Chilling on a space station while grabbing new missions and outfitting your ship is fun, but the true highlight of Rebel Galaxy’s gameplay is cruising around in your ship while you explore star systems and carry out missions. Unlike other flight-based games Rebel Galaxy maintains a 2D plane in a 3D game world, which removes the sometimes cumbersome flight controls that accompany these types of titles. Basically, you don’t have to worry about pitch, so there’s no need to dive and climb during space battles, which for someone like me is a blessing. Far too often in flight-based games dogfights turn into a never ending spin cycle as you try to chase enemy fighters in all directions, but in Rebel Galaxy you only have to worry about your yaw, or right and left turning maneuvers.
This allows you to completely focus on the objectives and not have to worry about which way is up, and which way is down. As a result combat feels very similar to the ship-to-ship battles featured in AC 4: Black Flag. You can methodically maneuver around your target to lay waste to it with your ship’s broadside cannons, which control very similarly too a FPS game. In addition to your big guns each ship also has a turret, which will fire automatically unless you want to take it over, and if you do, the shooting mechanic feels even closer to a FPS than the broadside cannon gameplay.
Each star system you can visit is massive, and what you see on the screen can be travelled to, just like what The Witcher 3 and the New Zelda for Wii U have been teasing. To get around there’s a handy warp system that will kick in automatically after you’ve been traveling in a certain direction for a period of time after holding the A button. The warp will disengage before you reach your destination, so you don’t have to worry about zipping past mission locations, or crashing into a space station’s docking bay, so you Lando types will never lose your communications dish.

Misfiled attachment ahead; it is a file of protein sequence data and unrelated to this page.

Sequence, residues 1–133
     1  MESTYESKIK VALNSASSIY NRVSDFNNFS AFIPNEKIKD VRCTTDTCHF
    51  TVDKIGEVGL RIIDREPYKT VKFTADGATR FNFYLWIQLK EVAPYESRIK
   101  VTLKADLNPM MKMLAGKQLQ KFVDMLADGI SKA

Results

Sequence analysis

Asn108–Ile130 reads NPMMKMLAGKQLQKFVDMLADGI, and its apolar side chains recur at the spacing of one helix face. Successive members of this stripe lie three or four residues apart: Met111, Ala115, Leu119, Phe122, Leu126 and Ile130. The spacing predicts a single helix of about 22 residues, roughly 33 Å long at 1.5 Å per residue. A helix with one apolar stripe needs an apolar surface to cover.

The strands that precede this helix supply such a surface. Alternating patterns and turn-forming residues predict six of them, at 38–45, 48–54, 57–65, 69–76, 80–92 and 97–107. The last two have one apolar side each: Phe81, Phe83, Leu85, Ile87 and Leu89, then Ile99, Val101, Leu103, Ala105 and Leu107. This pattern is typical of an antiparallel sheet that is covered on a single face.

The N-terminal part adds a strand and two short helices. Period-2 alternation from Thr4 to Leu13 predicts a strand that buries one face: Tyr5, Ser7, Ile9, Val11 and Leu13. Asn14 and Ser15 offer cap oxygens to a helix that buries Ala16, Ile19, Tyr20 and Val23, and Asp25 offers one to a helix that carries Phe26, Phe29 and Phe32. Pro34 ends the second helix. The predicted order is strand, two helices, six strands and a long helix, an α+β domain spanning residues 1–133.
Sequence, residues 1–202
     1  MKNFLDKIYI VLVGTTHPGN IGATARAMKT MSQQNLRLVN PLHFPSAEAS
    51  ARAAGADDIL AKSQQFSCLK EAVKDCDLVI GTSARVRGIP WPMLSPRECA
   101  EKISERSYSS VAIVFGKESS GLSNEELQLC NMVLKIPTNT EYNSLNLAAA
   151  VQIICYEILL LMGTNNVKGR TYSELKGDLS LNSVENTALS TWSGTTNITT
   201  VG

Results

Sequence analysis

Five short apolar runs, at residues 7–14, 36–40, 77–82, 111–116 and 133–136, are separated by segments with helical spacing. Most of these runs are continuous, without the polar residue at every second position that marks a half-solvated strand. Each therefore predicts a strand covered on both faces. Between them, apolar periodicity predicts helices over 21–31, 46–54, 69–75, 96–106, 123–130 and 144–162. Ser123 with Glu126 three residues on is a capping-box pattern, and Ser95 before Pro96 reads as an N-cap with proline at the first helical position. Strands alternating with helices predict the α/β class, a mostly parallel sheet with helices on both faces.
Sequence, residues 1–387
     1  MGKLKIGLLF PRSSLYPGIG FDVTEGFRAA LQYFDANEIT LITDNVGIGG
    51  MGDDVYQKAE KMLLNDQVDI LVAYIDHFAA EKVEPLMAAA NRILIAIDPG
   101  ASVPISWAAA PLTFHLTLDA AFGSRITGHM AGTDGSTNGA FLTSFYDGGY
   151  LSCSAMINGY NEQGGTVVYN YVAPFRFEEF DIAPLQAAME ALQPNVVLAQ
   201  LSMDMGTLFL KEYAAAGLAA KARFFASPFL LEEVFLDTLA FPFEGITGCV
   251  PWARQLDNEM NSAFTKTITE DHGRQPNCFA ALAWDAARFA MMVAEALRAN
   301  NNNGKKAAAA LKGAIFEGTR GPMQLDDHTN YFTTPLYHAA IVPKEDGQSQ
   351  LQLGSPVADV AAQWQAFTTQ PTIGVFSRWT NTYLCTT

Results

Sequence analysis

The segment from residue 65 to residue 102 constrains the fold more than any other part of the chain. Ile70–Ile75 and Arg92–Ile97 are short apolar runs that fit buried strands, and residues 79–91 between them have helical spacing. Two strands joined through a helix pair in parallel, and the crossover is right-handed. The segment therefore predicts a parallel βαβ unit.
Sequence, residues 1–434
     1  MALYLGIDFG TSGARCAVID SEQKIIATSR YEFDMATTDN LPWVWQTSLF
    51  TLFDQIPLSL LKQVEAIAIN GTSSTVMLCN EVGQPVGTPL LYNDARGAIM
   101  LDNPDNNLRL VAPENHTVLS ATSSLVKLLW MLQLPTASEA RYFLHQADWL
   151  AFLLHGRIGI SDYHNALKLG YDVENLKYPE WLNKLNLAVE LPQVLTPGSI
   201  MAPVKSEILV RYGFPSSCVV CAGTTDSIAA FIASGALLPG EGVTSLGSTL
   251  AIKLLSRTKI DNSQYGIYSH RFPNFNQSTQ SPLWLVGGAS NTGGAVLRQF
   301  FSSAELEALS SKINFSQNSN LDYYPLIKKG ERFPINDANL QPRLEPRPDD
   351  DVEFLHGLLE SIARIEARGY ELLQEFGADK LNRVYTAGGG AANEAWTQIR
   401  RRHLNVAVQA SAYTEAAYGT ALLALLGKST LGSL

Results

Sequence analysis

Visually, Rebel Galaxy is stunning running in the custom Ogre 3D engine that the team built, and when you see the level of quality you’ll question how two people were able to create such a refined looking title. This isn’t your typical Indie game, so don’t expect to find charming looking pixel art. The environments and characters are fully 3D, and look very similar to today’s AAA titles. The alien characters have unique designs and dialects, both colorful if you catch my drift. The most impressive environment is space itself with planets and vibrantly hued nebulas fleshing out the star speckled ether, turning it into a painting of sorts.
Rebel Galaxy is a testament to the Indie movement, not only because it’s the byproduct of just two individuals, but because it’s a passion project that shines thanks to the team behind it finally making a game they want to make, and not a mega-franchise that the corporate suits want to shove down their throats. Visually it’s stunning, both in its environments and its NPCs. The gameplay is simple to master and encourages exploration and mission finding, and with the factions and dialogue choices each player can craft a tale specific to their play style and attitude. The game is set to release sometime in 2015 for PC, Mac, Xbox One, and the PS4, so keep your finger on the pulse of Rebel Galaxy because it’s an Indie title you don’t want to miss.